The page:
The device is not a cure, as Clayface’s DNA consumes Karlo’s human DNA whenever he is stuck in human form. Dr. October gives him a “placebo” bracelet with messages from her dear friend Cassandra Cain (Orphan), which helps him focus on maintaining sanity. After passing twelve hours, Clayface loses his sanity and attacks the doctor. Orphan intervenes, saving her life by putting the real bracelet back on.

Although we picked the Basil Karlo iteration of the character because it is the most well-known one, Clayface is a very important character in Batman’s lore. A normal guy that turned into a monster made out of clay, Clayface usually has some deep backstory that gives him a certain amount of depth. Although he had some individual stories, Clayface was most often hired as a henchman for other, bigger villains and that is why he got was placed so low on our list; he even worked with Batman in one of the recent narratives. Still, Clayface definitely had to be on this list and that is why we included him.

15. Court of Owls

Alias: None
Created By: Scott Snyder, Greg Capullo
Debut: Batman #3 (2011)

The Court of Owls is a secret organization that has controlled Gotham City for centuries. They are a violent clique of some of the oldest and richest families in Gotham City who use murder and money to exert great political influence throughout history. Their bases of operations are hidden in some of the oldest structures in the city.

A lullaby describing them has been passed down through the generations of Gotham City: “Beware the Court of Owls, that watches all the time, Ruling Gotham from a shadowed perch, behind granite and lime. They watch you at your hearth, they watch you in your bed. Speak not a whispered word about them, or they’ll send the Talon for your head.

To carry out their interests, they employ a race of highly trained assassins known as the Talons. The leaders of the organization appear to be human and wear owl masks on their faces, but some lower-ranking members appear to be hybrids of human owls. The oldest history of the Court of Owls dates back to the early days of Gotham City in the year 1600, and it has been involved in many criminal acts in Gotham City over the years.

Owls took notice when billionaire philanthropist Bruce Wayne announces plans to rebuild and remodel Gotham City for the future. The Court sentences him to death, and his assassin, Talon William Cobb, attempts to assassinate him during a meeting with Lincoln March. They fight on top of Wayne Tower and the killer survives a fall from the top.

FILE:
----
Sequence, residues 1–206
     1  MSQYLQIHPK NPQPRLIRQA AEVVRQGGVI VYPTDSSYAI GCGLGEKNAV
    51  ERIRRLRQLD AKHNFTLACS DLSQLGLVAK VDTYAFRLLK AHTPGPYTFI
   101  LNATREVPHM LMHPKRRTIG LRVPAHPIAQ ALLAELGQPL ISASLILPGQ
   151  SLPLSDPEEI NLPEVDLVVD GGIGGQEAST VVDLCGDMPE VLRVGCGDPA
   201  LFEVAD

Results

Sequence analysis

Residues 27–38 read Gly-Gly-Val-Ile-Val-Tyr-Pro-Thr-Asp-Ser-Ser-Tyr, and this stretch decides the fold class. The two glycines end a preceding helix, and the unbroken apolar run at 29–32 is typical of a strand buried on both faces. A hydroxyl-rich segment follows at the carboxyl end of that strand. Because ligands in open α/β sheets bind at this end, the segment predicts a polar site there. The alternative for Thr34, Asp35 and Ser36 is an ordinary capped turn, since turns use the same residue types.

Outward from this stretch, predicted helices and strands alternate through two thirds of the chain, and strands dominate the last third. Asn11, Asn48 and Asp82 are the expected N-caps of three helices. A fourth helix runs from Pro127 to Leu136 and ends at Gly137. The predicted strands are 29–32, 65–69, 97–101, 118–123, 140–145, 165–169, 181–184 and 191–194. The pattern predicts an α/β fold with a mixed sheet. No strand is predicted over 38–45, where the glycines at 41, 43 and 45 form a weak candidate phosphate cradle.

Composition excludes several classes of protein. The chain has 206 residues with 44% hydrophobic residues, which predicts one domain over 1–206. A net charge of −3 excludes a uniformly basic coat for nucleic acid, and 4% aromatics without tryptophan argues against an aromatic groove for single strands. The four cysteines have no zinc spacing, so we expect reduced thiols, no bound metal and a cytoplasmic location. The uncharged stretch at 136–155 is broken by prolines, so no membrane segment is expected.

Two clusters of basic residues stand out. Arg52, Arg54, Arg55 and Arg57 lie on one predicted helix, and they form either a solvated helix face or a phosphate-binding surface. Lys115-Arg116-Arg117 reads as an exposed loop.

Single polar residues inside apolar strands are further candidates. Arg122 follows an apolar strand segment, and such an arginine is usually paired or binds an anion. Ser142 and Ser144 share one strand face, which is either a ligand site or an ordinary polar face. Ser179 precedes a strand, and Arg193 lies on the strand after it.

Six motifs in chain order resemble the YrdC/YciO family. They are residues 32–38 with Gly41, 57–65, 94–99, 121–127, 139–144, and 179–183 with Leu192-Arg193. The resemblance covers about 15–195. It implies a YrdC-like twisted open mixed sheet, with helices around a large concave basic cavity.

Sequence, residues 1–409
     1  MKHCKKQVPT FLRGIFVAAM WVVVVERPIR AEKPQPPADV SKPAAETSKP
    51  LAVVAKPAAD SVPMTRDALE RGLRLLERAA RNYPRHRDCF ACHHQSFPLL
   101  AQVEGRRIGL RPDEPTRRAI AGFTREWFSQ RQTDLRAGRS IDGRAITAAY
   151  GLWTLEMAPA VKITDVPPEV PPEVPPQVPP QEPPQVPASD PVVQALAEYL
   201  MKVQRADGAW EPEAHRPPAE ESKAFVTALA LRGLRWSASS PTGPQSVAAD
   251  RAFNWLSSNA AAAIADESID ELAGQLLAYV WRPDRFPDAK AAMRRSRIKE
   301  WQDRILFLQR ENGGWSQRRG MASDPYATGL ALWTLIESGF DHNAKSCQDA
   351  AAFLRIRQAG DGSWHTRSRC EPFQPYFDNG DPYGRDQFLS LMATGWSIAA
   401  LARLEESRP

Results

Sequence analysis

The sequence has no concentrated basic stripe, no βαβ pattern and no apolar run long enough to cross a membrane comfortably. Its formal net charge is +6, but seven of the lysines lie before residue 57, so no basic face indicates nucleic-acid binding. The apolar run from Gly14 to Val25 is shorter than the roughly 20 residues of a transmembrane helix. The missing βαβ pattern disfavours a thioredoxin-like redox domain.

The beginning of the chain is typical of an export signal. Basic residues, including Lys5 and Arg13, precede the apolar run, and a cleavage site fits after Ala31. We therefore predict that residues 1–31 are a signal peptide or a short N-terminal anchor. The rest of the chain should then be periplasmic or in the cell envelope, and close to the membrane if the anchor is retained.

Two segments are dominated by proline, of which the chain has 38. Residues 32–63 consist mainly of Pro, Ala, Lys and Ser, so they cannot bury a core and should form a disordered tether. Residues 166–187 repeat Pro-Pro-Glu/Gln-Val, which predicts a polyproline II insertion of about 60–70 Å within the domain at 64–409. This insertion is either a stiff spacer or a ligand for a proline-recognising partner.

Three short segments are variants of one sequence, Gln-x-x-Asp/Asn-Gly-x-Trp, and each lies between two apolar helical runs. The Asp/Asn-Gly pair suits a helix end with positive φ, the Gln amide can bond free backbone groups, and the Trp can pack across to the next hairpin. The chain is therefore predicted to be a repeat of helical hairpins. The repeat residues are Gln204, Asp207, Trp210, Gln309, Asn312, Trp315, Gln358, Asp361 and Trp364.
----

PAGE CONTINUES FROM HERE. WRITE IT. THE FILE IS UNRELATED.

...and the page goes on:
Batman discovers that his society has secret headquarters in hidden rooms in each building established by the Alan Wayne Trust, created by his great-grandfather, Alan Wayne. Wayne relates that as a child he believed that the Court of Owls was responsible for the death of his parents, and personally investigated the conspiracy before determining that there was no evidence.

Batman is caught and tortured by the Court, but escapes. Not long after, seemingly tired of his game and angered by Batman’s escape and the discovery of his lair, the Court unleashes the full force of their army of undead Talons on the city to kill Batman and his allies and retake Gotham City for them.

In the 2012 storyline “Night of the Owls”, which was published in the Batman-related books, the Court of Owls, angered by the defeat of William Cobb at the hands of Batman, awakens all of his other Claws to take back Gotham, literally and ideologically – from Batman. They also dispose of Cobb’s body for Alfred Pennyworth to find.

The Court’s goal is to prove that they are the top legend of Gotham City, and not Batman. The Owls attack the Batcave first, but the injured Wayne still manages to defeat several of them due to his outdated fighting style. Alfred discovers the Owls’ forty targets and sends a radio message to the Batman Family for help.

Tim Drake and Jason Todd receive one and Jason decides to protect Mr. Freeze. Robin (Damian Wayne), Batwing, and the Birds of Prey also respond to Alfred’s call. Batman wears an armored battle suit so he can fight all the Talons, while one of the assassins revives William Cobb. The Birds of Prey are one of the first to fight a Talon that is ruthless and cruel in his methods, who wants to kill “street vermin.”

Nightwing gets the message and goes to save Mayor Sebastian Hady. Nightwing has no problem in killing the Talon attacking Hady due to it already being dead, but upon stopping it, he is knifed in the chest by a revived Cobb. Cobb credits Nightwing, his descendant, working for Batman as his worst betrayal. When Selina and Spark arrive to rob the Penguin, they see the Penguin’s car leaving, but are unaware that the Penguin himself is still alive and is being brutally beaten by Ephraim Newhouse, a Talon.

Bruce, meanwhile, continues to fight the Claws invading the Batcave and finally manages to stop them, and heads to save Jeremiah Arkham, who is fighting the Talons. Nightwing is brutally beaten by Cob,b who continues to taunt him. Cobb demands that his heir impress him, finally giving up and saying that Nightwing is a waste. Nightwing, however, retaliates and freezes Cobb, then offers to protect Jeremiah Arkham from Batman.

The Court of Owls isn’t really one villain, it is a secret, ages-old organization that wants to control Gotham and uses the Talons as their foot soldiers. When Scott Snyder created the organization, we didn’t really think that it would become such an important part of the mythos, but it did and we can freely state that modern Batman comics would be unimaginable without the Court of Owls. We placed them relatively low on the list because we still need time to evaluate them when compared to some “older” characters, but we’re certain that they will reach the level of notoriety necessary for a higher spot eventually.